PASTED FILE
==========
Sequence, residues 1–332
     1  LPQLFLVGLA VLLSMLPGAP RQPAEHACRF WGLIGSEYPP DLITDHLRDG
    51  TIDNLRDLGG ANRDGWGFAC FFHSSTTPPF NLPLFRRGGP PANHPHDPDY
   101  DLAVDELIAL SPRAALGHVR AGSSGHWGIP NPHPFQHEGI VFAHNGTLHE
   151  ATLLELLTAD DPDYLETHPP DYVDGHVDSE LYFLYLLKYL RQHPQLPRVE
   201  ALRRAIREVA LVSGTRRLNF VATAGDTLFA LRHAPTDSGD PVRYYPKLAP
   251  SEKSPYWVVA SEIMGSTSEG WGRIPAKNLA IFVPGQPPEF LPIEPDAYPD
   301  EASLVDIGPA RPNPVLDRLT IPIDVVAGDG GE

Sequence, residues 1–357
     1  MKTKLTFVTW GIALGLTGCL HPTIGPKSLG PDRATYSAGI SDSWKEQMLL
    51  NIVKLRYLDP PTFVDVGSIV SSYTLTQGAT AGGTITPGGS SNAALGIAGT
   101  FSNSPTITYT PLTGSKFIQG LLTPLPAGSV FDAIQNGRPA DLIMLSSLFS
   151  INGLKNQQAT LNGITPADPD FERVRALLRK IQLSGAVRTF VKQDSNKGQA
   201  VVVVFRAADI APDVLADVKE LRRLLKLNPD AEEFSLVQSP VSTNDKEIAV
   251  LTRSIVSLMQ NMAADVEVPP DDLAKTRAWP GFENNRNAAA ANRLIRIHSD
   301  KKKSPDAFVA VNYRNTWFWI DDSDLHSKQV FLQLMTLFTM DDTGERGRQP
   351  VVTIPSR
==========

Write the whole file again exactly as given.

Sequence, residues 1–332
     1  LPQLFLVGLA VLLSMLPGAP RQPAEHACRF WGLIGSEYPP DLITDHLRDG
    51  TIDNLRDLGG ANRDGWGFAC FFHSSTTPPF NLPLFRRGGP PANHPHDPDY
   101  DLAVDELIAL SPRAALGHVR AGSSGHWGIP NPHPFQHEGI VFAHNGTLHE
   151  ATLLELLTAD DPDYLETHPP DYVDGHVDSE LYFLYLLKYL RQHPQLPRVE
   201  ALRRAIREVA LVSGTRRLNF VATAGDTLFA LRHAPTDSGD PVRYYPKLAP
   251  SEKSPYWVVA SEIMGSTSEG WGRIPAKNLA IFVPGQPPEF LPIEPDAYPD
   301  EASLVDIGPA RPNPVLDRLT IPIDVVAGDG GE

Sequence, residues 1–357
     1  MKTKLTFVTW GIALGLTGCL HPTIGPKSLG PDRATYSAGI SDSWKEQMLL
    51  NIVKLRYLDP PTFVDVGSIV SSYTLTQGAT AGGTITPGGS SNAALGIAGT
   101  FSNSPTITYT PLTGSKFIQG LLTPLPAGSV FDAIQNGRPA DLIMLSSLFS
   151  INGLKNQQAT LNGITPADPD FERVRALLRK IQLSGAVRTF VKQDSNKGQA
   201  VVVVFRAADI APDVLADVKE LRRLLKLNPD AEEFSLVQSP VSTNDKEIAV
   251  LTRSIVSLMQ NMAADVEVPP DDLAKTRAWP GFENNRNAAA ANRLIRIHSD
   301  KKKSPDAFVA VNYRNTWFWI DDSDLHSKQV FLQLMTLFTM DDTGERGRQP
   351  VVTIPSR